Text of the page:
1 February 2003
1 February 2003
17 December 2001
9 December 2002
17 November 2003
22 August 2003
Fancy six months in Paris or Milan? If you’ headed for a top 10 law firm, chances are you’ get to compete for a seat in a European office during your training contract.
In the last financial year, a staggering £1.48bn (or 54 per cent) of the combined income of the magic circle (Clifford Chance, Linklaters, Freshfields Bruck-haus Deringer and Allen & Overy) was generated outside the UK. A major chunk of this came from their European offices. Take Freshfields - two German mergers have propelled the firm to the top of the German league tables, and last year Germany brought in £162m in fees, second only to London.
Further down the list, firms such as Lovells, DLA and Simmons & Simmons have also made headway in Europe. Lovells, for example, made £60m in Germany last year.
For the rest, the question is how to enter Europe before its remaining independent firms are snapped up. Is it enough to rely on ’ friend’ firms in Europe as top City firm Slaughter and May does? There are few firms that can afford to be as UK-focused as Slaughters. So should they pursue a string of engagements with Continental suitors with a view to full-on merger? Or avoid the nightmares of financial integration by entering exclusive associations?
A merger is likely to involve lengthy negotiations to tackle issues such as different profit levels and working practices, but if successful a merger will produce lucrative work flows and a powerful selling point to clients. Alliances and associations are far more vulnerable to breaking down, but offer the chance to build up referrals without the costs of integration.
Mid-sized City firm Taylor Joynson Garrett took the plunge last year by merging with Germany’ Wessing, creating Taylor Wessing. It is now gunning for a Paris merger.
Birmingham heavyweight Wragge & Co has opted for the other route. Last year, it signed up to an exclusive association with German firm Graf von Westphalen Bappert & Modest. Neither side wants to merge. For Graf, the Wragges deal is a second attempt at a UK link. Its alliance with Osborne Clarke fell apart largely because the UK firm wanted a quicker pace of integration. Osborne Clarke responded by poaching seven partners from Graf to set up its own Cologne office.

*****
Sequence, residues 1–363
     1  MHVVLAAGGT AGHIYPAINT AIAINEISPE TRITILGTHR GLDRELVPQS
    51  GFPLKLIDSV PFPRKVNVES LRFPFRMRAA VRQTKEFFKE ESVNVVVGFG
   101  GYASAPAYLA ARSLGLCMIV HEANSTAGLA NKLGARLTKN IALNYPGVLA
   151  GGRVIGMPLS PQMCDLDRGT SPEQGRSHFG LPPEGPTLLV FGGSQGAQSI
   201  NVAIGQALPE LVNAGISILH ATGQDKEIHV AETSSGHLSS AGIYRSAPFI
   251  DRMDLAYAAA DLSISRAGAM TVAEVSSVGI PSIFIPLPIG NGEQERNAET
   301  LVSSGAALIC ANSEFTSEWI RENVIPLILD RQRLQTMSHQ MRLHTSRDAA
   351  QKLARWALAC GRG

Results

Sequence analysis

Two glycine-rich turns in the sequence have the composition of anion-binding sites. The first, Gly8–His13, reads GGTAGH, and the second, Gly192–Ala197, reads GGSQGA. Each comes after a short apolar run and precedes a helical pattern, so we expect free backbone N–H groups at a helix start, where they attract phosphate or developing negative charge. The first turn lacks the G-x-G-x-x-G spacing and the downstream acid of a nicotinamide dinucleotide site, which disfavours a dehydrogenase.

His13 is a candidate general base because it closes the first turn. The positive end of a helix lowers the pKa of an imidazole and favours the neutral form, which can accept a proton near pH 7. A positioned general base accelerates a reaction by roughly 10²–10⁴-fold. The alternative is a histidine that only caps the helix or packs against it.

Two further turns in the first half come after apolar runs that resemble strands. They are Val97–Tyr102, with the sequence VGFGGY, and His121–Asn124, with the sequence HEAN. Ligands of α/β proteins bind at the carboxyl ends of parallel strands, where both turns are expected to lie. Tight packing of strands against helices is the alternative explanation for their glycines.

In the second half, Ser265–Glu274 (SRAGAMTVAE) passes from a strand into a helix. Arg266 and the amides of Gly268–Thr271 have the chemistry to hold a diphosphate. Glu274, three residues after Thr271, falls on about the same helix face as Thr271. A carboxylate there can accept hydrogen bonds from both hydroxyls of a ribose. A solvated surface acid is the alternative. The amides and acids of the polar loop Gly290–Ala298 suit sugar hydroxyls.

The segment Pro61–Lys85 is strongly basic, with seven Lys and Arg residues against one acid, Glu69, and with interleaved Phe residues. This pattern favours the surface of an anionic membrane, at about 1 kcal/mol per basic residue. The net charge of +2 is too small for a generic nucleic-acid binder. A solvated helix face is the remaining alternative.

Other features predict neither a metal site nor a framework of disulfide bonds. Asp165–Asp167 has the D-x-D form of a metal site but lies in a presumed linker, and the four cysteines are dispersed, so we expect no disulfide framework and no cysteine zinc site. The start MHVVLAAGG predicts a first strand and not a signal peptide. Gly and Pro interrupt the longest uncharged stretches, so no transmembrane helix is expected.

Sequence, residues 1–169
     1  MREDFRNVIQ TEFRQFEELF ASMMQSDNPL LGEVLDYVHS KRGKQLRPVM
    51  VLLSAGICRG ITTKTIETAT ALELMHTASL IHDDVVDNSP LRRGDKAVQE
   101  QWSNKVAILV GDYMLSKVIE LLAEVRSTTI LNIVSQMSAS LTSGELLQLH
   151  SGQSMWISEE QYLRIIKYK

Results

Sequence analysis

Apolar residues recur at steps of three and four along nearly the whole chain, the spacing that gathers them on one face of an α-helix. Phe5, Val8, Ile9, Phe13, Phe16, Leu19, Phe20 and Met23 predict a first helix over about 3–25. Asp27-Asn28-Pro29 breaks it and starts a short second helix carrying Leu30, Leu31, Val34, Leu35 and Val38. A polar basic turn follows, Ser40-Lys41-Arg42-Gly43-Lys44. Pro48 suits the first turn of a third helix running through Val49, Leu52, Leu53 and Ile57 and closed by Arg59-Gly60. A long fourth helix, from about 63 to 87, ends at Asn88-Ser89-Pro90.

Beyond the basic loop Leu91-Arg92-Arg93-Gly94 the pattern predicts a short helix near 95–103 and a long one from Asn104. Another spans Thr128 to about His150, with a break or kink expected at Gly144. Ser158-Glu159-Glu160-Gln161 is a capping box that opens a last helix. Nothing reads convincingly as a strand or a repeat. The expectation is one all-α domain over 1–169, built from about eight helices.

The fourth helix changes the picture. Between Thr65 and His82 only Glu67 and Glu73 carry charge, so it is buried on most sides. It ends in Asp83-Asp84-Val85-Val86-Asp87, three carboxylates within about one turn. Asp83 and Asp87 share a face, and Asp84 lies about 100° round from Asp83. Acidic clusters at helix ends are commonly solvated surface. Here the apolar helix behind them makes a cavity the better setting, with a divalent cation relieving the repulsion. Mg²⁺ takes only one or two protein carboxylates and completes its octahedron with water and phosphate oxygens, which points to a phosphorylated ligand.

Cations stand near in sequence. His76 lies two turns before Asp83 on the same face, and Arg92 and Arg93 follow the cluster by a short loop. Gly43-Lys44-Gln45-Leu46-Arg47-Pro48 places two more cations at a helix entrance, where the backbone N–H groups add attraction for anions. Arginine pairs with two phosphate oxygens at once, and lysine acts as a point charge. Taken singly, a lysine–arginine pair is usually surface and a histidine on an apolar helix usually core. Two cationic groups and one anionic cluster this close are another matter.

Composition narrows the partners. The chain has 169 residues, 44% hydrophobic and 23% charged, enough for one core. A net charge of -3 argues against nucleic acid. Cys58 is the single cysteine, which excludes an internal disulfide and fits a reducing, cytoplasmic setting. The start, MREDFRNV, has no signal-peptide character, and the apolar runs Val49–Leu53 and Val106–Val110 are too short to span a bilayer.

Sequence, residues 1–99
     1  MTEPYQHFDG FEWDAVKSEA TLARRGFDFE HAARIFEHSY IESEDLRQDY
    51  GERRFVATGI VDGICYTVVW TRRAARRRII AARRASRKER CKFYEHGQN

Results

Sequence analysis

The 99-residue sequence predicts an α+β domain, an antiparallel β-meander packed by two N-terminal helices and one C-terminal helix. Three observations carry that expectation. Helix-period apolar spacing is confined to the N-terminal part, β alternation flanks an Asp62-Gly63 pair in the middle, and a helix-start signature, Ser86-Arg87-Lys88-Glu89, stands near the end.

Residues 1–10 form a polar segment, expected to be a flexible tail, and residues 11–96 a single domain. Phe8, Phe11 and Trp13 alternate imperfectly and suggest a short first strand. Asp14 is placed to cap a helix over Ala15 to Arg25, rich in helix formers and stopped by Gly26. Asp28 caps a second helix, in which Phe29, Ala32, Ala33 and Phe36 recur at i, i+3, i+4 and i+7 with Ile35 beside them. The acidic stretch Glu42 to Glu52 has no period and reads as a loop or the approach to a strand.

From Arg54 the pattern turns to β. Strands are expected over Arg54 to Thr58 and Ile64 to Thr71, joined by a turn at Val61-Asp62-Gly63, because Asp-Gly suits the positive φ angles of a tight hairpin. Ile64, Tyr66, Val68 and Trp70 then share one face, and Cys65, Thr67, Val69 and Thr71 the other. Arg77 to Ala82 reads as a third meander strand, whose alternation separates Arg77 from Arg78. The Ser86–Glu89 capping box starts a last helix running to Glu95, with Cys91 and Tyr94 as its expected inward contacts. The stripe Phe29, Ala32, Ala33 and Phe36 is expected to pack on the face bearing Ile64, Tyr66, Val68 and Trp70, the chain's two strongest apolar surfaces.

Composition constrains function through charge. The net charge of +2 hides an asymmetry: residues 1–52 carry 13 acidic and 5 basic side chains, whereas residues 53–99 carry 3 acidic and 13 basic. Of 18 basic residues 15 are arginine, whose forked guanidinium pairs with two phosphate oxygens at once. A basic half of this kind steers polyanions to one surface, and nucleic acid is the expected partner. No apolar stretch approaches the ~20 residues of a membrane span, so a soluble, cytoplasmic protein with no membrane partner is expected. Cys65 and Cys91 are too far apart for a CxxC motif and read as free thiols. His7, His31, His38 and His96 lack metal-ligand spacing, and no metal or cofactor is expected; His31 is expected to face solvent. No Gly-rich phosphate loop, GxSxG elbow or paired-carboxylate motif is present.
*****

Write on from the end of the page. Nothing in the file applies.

CMS Cameron McKenna is also on the alliance route. Its network has its own administrative structure and has seven members. But it is moving towards fuller integration, and merger has not been ruled out.
There’ also the option of setting up offices under your own UK brand by cherry-picking talent from local law firms. Norton Rose did just this in Amsterdam last year after its old Dutch ally Houthoff Buruma decided to remain independent. Houthoff’ managing partner promptly left and helped found a new office for Norton Rose.
But even the most experienced Continental operators have seen their strategies come unstuck. Clifford Chance merged with Italy’ Grimaldi e Associati in 2000, but only after guaranteeing extra money for a handful of top partners for a fixed period. But tensions rose over this issue and the reluctance of Grimaldi and others to adopt the firm’ management structures. In a serious blow to CC’ Italian M&A practice, Grimaldi, four other partners and 26 associates left last year to set up on their own.
So, when you pack your bags for that secondment, just spare a quick thought for the sweat and tears that have gone into securing that vital entry into Europe.